Tuesday, June 18, 2013

The Wall

After several days of acting as kings and queens of commerce, Jake and I finally went to visit the Wall, the Great Wall that is. Laolongtou, specifically, the Dragon's Head of the Great Wall, where the eastern end of the wall meets the Pacific Ocean. Being on the wall itself is a pretty fantastic feeling - stepping on thousands of years of history and work - plus, we've been watching Game of Thrones so I feel medieval and badass every time I mention "The Wall."

Visiting the Wall was an impromptu trip, though I'd wanted to do something fun for Jake's upcoming birthday. Having our hosts, Helen and John, and Helen's sister join us was completely sporadic, and it turned out to be pretty fun. John is an expert navigator and also both he and Helen are very much overprotective parents, which is certainly preferable to "Here's a map. Good on ya." John likes to linger near the front of all public transport and make small talk with the drivers. They apparently mostly talk about the traffic. Helen can't really explain why he does this.

But anyway, he and Helen got us to Laolongtou, then Helen's sister took Jake and me inside the attraction. The weather was absolutely beautiful - slightly breezy, maybe a little overcast, and just hot enough to have the salt water air stick on your skin - as we hiked through the many corridors to the Dragon's Head. As we trekked down a particularly steep and eroded ravine, I said, "At least it's not raining."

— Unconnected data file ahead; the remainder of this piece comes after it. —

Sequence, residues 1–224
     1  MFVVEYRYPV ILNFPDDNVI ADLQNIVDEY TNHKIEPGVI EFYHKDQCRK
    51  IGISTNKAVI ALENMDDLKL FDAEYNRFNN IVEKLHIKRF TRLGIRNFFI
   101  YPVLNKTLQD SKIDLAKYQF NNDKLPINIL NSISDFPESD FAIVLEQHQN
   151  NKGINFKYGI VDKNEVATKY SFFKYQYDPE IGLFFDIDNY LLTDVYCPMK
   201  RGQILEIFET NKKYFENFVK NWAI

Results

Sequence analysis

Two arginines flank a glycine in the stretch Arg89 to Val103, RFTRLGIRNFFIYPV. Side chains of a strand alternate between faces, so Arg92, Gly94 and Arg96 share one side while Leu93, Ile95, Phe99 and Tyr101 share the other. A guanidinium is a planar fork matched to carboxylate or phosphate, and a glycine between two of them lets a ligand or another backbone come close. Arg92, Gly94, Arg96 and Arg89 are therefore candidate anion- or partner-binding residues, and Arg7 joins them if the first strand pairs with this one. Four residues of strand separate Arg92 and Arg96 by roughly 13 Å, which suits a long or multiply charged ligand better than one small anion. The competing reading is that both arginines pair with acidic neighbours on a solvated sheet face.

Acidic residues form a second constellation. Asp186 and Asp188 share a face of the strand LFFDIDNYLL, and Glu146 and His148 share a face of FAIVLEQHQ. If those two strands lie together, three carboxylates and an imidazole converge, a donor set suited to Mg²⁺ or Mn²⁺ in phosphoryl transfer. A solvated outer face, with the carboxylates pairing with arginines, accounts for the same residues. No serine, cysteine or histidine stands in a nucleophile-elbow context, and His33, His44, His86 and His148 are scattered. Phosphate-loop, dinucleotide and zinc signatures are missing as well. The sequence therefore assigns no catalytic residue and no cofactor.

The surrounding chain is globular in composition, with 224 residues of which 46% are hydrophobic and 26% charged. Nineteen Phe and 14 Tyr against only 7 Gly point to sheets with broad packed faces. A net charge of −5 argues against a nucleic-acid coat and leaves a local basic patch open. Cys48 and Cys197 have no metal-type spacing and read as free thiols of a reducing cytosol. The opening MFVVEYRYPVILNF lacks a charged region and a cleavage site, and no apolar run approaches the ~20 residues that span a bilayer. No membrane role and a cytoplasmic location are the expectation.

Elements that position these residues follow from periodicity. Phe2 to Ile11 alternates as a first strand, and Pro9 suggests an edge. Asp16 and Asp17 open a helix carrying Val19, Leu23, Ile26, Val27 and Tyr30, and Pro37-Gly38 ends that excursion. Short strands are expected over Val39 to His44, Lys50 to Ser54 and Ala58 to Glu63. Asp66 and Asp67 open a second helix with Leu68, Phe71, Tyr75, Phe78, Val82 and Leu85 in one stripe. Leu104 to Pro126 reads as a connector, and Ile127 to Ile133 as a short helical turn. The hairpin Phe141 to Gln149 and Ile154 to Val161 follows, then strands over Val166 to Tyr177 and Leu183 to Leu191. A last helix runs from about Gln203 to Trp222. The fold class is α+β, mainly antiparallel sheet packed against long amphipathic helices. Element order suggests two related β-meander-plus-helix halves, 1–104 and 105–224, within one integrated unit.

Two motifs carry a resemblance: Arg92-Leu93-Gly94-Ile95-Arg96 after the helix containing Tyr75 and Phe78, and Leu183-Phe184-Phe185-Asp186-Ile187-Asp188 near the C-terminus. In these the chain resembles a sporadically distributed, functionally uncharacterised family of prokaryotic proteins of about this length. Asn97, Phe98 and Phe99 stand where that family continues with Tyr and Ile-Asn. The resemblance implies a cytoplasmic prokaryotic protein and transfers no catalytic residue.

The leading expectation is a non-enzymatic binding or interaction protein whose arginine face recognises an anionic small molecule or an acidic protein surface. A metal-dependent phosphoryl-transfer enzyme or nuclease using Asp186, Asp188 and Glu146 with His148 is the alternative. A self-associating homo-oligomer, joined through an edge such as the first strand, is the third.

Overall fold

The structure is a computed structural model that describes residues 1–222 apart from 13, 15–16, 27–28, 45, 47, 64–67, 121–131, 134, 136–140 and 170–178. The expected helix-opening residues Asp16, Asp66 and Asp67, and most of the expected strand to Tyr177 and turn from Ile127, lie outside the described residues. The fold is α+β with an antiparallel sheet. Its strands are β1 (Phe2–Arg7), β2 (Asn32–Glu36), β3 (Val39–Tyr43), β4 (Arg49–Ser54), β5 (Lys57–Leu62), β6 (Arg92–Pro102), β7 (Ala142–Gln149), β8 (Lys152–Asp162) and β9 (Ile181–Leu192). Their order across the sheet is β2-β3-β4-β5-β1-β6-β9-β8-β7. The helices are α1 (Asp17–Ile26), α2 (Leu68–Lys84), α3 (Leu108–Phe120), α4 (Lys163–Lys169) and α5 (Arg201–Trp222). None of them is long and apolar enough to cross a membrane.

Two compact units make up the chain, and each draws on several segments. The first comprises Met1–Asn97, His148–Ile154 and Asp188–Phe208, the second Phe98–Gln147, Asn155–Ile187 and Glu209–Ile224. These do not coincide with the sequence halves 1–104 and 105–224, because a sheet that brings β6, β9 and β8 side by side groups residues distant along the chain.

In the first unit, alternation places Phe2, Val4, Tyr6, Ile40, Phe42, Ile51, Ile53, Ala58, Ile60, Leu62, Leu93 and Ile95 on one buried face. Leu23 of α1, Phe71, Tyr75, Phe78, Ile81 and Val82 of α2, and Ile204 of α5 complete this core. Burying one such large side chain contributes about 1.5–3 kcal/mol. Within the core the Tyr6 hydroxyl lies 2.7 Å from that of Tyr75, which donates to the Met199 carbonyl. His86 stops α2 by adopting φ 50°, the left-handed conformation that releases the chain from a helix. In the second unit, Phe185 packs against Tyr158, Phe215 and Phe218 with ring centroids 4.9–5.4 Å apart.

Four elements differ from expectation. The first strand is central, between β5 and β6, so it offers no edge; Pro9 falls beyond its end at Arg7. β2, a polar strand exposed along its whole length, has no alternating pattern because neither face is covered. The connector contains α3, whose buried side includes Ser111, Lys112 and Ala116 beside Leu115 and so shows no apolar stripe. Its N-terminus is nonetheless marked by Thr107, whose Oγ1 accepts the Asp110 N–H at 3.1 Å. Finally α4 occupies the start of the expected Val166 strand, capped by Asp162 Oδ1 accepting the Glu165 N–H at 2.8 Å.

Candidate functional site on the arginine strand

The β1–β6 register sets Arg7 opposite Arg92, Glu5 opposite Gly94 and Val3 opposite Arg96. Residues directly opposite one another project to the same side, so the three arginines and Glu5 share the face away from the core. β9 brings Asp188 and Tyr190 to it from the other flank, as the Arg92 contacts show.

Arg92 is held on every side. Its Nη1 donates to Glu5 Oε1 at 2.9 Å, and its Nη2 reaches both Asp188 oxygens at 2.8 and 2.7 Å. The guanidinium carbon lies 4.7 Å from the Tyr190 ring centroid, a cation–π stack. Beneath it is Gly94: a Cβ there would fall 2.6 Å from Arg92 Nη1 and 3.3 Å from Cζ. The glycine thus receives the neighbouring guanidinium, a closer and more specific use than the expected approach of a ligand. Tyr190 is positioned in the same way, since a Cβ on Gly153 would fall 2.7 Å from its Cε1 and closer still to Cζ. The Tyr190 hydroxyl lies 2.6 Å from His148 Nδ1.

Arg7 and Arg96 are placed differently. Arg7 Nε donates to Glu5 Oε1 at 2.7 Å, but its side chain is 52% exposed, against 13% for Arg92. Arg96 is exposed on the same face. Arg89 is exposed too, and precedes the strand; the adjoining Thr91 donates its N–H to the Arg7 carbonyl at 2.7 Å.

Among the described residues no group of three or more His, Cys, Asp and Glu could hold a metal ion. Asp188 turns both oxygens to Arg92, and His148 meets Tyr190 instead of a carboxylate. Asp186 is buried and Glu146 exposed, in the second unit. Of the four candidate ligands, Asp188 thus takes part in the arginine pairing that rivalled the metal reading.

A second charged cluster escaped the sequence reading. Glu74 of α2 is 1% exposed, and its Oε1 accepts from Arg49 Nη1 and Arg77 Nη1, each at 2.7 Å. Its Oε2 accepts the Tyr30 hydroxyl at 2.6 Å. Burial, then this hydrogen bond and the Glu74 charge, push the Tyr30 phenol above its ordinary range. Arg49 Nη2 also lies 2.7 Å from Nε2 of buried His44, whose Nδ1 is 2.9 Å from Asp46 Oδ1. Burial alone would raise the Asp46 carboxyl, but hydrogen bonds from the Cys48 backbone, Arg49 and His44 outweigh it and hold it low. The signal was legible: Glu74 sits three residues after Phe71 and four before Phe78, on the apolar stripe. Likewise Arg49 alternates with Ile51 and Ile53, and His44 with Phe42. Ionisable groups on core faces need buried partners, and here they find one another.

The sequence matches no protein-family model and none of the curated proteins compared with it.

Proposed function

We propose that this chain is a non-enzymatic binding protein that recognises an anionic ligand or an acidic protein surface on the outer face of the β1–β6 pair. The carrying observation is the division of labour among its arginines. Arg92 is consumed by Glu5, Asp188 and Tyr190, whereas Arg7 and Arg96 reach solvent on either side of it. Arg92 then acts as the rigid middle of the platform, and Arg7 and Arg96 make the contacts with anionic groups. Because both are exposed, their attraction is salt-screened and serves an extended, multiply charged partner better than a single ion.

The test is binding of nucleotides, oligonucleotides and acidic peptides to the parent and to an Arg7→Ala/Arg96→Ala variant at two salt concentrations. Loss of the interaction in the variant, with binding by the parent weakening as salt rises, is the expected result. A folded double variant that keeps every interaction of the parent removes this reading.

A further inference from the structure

In the midst of all this history and beauty, I think the thing Jake and I were most excited for was the looming Pacific Ocean, greyish and smeared with seaweed. Helen's sister declined to join us on the beach, but, shoes off, Jake and I curtailed it towards the shore and splashed into the ocean, climbing on the slippery, smooth rocks and feeling the gritty sand grind against the soles of our still winter-acclimated feet.

Behind us was the Dragon's Head and in the distance the Temple of the Goddess of the Sea, where, feet still sprinkled with tan and silver bits of sand, we headed for next. As we crossed the pass to descend the steps, Helen's sister, who speaks virtually no English, began frantically waving her hand and shouting, "Come on!" A nearly black sky rolled across the Pacific, encompassing the Dragon's Head in dark, grey shadows. At first, I pointed to the sky and said, "Dun, dun, dun," and then I remembered that I knew how to say bad in Chinese. So I pointed again and said, "Bu hao."

"Dui," Helen's sister agreed. "Bu hao!"

The three of us jogged up the steps, sped along the rocky paths, and practically ran out the gates. It didn't begin raining until we were safely under cover at the bus stop. And did it rain! Downpour! The streets - poorly irrigated at best - flooded with stink water that splashed the windows of cars and came in through the tire holes on our bus. It was only then that John reminded us that, the day we arrived, it rained, too, when we got on the bus. But it stopped before we reached Qinhuangdao. John said, "It'll stop." Meaning, it'll stop before we need to get off the bus. It did.

1 comment:

  1. i enjoy following your journey~~thanks for posting the photos of your travels~~I get to travel with you while being in the land of Whitingham~~
    I am so happy for you both to have such an amazing adventure!!!